Out of Tierra del Fuego

On January 7, 2013

Well, I’m off! After spending a total of three nights in Tierra del Fuego National Park I’m ready to begin my adventure. I’ve had time to do a lot of thinking and pondering but also plenty of time to meet new people. I decided to stay in a Refugio for the last two nights. This will allowed me to leave earlier in the morning and meet people.

On the night of the 4th I met three other people staying in the glorified shed with me. Nuvia, a Columbian who traveled by bus down the Caraterra Austral to here. She also worked in a hostel in Buenos Aires. I also met Nadia and her boyfriend Sebastiam, both physicists who are going on a trip before they’ll be apart. She is going to work in Italy and he in Uruguay. All three speak English but Nuvia took it upon herself to teach me Spanish. She would make fun of the Argentine accent and way of speaking. She made Nadia only speak to me in Spanish. It was nice because I could ask questions when I got lost. They helped me so incredibly much.

The following day (January 5) I contemplated leaving but ended up hiking. It was beautiful. It only sprinkled 3 or 4 times. I went halfway up a pretty strenuous hike but turned around because I wasn’t prepared. That night I talked with Emmanuel who hit hiked here from Mendoza. He later borrowed my bike to try to find some friends. I also met Mariepierre, a French woman moving to Chile to work. She and Nuvia then went on a walk from 11 to midnight because Nuvia was so impressed by how much light there was. As we were watching a pretty scene, they wished we had vino, cervesas, and I forgot the word for blunt. Mariepierre had to translate as Nuvia didn’t know. I was planning on going to bed early that night, but experiences are taking precedence over plans.

In the morning I woke up at 6 to hear rain… Then I woke up at 8 to more rain. I decided to pack up, since I was itching to start. All packed up at 10 and out of food, it was still raining. No sprinkles like before and no break in the clouds. This was the typical weather I missed the last two days. I went for it and rode the 20 km into town for food and more fuel. Speaking of fuel, I found 96% rubbing alcohol in the pharmacy. It just took google translate to ask my question. It’s super cheap and there are a lot of pharmacies so I’m passing up on that too expensive MSR stove for now. El Calatafe will have a stove if I really need it. It’s called alcohol etletíco.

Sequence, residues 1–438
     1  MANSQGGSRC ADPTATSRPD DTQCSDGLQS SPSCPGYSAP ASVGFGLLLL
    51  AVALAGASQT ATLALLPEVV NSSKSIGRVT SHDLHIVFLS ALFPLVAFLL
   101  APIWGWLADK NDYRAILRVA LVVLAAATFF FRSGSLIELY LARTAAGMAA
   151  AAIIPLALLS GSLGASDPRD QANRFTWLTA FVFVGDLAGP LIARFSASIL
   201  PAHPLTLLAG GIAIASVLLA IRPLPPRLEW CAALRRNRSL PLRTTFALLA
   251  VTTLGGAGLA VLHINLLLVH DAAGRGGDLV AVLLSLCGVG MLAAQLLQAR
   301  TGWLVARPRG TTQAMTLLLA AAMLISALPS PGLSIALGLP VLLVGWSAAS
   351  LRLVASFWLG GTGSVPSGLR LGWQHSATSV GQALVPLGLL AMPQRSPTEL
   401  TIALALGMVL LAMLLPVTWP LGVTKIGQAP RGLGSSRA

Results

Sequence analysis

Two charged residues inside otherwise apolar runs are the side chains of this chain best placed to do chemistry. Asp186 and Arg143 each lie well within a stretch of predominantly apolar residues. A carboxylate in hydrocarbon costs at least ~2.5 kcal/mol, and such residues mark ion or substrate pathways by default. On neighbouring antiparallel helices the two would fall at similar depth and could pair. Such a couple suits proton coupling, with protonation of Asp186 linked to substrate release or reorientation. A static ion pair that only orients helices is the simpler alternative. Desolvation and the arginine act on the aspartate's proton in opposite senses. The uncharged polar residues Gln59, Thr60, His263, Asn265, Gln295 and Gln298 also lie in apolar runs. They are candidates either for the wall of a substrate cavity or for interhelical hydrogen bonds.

The rain flat out sucked. My pants and jacket did the trick, but I guess water just rolled down my jacket into my gloves and down my pants into my shoes. I was able to ring out my socks and pour water out of them. I guess waterproof shoes can work backwards. Next time I’ll bring gaiters. It was also all uphill. Paso Garibaldi was conquered with no long breaks. I guess Ushuaia being pretty and surrounded by mountains should’ve given me a clue.

So after the pass of wetness and uphill and riding the white line and lake puddles and bus sneezes when they pass and wet gravel shoulders, I was soaked. And flying downhill. I took a picture of the sign at the top but didn’t bother taking a picture of the gorgeous lake at the other side. I didn’t want to lose my momentum. The rain cleared up at the base, so then I was a wet happy guy who had no water. I pull into this restaurant to find people coming out saying its closed (all in Spanish of course). I said I just wanted water and they obliged. Then out of pity because I looked like a hot mess, they said something about go to the door and they drove off. I did, and met Pablo. Who speaks no English. He showed me a fire and I got to dry my shoes, socks, jacket, and gloves. I sat pretty close to that wood oven. The restaurant was amazing. I found out he works there and isn’t related to the owners. He gave me a Fanta and then ice cream (¿Te gusta helado? Duh…) and then some fancy chocolate pie thing. We talked about everything we could. My trip, what I was doing, where I went, chicas, you name it. Okay my Spanish isn’t that good. It’s also a lot of me imagining what he’s saying based on a few words and facial expressions. It’s kinda fun to pretend what he’s saying. So yeah, good conversation. I also showed him my phone, music, and pictures I took. He’s from the province bordering Bolivia and is just working here. The place is called Villa Marina. I was going to try to make it to Tolhuin today for some pastries and a place to stay, but this is better. I just go with the flow.

I still am amazed at how many people I’ve met. I’ve never had a trip quite like this, obviously.

After making it to the famous bakery in Tolhuin, I bought US$4.40 worth of pastries. Feels good.

3 Responses to “Out of Tierra del Fuego”

  • Sounds like quite the trip so far Mark. Keep up that mantra – experiences over plans! Look forward to continually seeing how you are doing and living vicariously through your adventure. cheers!

  • Mark, People are what makes life interesting, huh? 🙂 Keep enjoying!! Glad to read your posts and the boys say, “Have a good vacation!” except at first Ben said ah-vay-shun 🙂 –Anne & all

  • Mark, estoy celosa! I am so jealous of this awesome journey you are on. Studying in Argentina to learn Spanish was definitely frustrating at times with the language barrier, but seeing you learn Spanish and explore Patagonia by bike is pretty amazing. My only advice for the language part is to be patient with it, it will come quickly and easy to you. A simple verb+noun phrase is enough for argentines to understand.

Leave a Reply

Your email address will not be published. Required fields are marked *

%d bloggers like this: